Tuesday, December 9, 2008
We found the masters and they're not all jacked up
When I reflected on what Robert Goetz and I were able to accomplish last night, after what was a very long day for both of us, I thought of this snapshot that I took when I visited legendary indie rock producer Mitch Easter in his new studio, The Fidelitorium, this summer in Kernersville, N.C.
These are master recordings for Mitch's equally legendary indie rock/jangly pop band, Let's Active. It may appear highly unromantic to find his masters languishing on the floor of a closet, but as anyone who has juggled multiple projects over a span of decades knows, the only truly important things about masters are that they don't get damaged and you know where to find them.
These Let's Active masters are not damaged, and Mitch knows where to find them. Good enough! Last night, I discovered the same to be true of a set of masters I have been toting around the country for as long as 13 years.
Robert and I are part of a production team that will be working in three cities (St. Louis, Los Angeles and Nashville) to score Les Murray's great poem about modernity, The Sydney Highrise Variations, with a deadline set for next fall, when Poetry Scores will release the project on CD (with an accompanying booklet) at an art invitational devoted to the poem.
I'm sure we won't always do it my way - I envision commissioned pieces in our future - but as creative director for Poetry Scores, I have evolved one way of scoring a long poem that works for me, as a guy who can't read or write music on the page and has primitive musical skills.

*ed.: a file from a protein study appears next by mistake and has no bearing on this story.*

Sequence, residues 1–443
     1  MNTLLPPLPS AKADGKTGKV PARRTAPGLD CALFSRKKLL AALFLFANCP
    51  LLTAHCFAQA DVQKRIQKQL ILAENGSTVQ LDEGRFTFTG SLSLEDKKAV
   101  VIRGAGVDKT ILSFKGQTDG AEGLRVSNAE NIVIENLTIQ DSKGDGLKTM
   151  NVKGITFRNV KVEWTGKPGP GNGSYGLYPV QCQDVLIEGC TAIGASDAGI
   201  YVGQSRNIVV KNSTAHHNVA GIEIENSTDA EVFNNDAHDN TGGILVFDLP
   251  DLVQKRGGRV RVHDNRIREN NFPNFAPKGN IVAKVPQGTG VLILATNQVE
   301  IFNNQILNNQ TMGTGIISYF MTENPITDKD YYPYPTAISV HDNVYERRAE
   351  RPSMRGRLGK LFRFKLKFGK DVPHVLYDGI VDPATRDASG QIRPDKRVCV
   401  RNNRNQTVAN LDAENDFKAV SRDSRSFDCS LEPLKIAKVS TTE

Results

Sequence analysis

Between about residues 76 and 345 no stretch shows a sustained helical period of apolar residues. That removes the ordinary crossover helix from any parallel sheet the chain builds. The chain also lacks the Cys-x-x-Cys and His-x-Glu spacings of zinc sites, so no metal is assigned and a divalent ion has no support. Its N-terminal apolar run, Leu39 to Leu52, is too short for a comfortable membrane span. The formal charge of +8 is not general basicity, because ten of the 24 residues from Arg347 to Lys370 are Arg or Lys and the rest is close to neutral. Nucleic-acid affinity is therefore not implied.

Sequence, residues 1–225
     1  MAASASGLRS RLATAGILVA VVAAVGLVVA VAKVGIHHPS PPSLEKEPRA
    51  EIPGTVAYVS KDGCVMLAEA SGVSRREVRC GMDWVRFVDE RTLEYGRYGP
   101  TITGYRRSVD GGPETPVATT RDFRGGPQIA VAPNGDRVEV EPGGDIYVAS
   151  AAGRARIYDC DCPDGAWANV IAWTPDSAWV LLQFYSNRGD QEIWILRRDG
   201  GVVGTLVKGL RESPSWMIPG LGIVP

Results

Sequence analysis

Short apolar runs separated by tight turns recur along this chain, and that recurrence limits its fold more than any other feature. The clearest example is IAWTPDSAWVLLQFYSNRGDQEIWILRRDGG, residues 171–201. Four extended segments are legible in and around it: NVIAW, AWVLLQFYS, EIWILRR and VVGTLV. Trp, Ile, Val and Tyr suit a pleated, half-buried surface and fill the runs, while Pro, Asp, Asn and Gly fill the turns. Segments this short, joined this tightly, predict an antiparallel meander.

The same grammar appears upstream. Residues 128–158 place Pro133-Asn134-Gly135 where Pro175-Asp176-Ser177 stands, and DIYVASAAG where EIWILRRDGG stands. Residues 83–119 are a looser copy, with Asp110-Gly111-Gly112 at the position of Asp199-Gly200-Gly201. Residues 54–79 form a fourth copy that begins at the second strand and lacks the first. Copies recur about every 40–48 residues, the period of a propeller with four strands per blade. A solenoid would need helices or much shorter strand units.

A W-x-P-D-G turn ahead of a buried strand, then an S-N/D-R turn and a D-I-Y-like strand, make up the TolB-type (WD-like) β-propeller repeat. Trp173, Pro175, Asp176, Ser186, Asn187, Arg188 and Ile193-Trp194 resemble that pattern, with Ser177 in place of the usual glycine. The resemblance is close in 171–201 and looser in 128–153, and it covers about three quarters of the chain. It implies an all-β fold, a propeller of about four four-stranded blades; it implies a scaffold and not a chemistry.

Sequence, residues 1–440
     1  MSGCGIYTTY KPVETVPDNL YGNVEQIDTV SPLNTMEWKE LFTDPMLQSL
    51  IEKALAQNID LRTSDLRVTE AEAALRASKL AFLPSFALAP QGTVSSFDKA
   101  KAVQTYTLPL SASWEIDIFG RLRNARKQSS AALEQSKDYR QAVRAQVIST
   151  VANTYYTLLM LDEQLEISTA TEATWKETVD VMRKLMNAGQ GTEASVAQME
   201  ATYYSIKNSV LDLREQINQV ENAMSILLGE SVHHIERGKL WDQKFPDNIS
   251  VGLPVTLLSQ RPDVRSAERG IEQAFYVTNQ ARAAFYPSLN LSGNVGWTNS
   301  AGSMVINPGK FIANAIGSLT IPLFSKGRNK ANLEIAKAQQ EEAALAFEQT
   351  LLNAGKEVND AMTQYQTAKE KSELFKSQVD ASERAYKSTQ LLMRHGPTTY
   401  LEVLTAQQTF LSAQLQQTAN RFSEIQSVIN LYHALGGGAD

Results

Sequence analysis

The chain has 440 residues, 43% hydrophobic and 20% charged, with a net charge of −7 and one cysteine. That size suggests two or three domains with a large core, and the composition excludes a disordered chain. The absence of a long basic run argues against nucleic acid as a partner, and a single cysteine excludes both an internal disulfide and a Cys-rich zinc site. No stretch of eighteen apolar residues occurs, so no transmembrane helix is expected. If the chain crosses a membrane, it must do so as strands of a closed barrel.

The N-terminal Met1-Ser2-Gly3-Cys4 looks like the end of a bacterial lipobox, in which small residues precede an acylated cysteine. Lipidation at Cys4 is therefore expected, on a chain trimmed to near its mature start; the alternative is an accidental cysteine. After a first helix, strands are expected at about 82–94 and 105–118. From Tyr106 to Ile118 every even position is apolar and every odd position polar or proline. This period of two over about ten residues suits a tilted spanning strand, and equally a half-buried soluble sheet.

I tend to sit with guitar tapes submitted to me by my songwriting partners, Matt Fuller in Los Angeles and Lij in Nashville. (We used to write and record together in the St. Louis bands Enormous Richard and Eleanor Roosevelt.) As I listen to their song fragments, I flip through poems I want to score, trying to find melodies in the chords and to attach them to words.
When I am fortunate enough to actually be in the same place at the same time with one of these guys - usually once a year in L.A., where journalism takes me and professional production projects take Lij - then I get to go through this process, but with a living, breathing, strumming guitarist, rather than a cassette deck. Though if it's Matt, then he's likely to be combing through a bag of songwriting tapes of his own as we go along.
This process produces song settings, sung texts. Matt and I came up with a compelling suite of rock songs for Sydney Highrise one blessed afternoon in Coldwater Canyon last year. But that's not the only way we score poems.
I also sift through other kinds of source recordings, listening for instrumental passages that might serve as a break from language on the score, as an instrumental titled after a suggestive phrase of the poem. Local musician Frank Heyer contributed two CDs of wonderfully strange improvisations that yielded two such pieces for the Sydney Highrise score.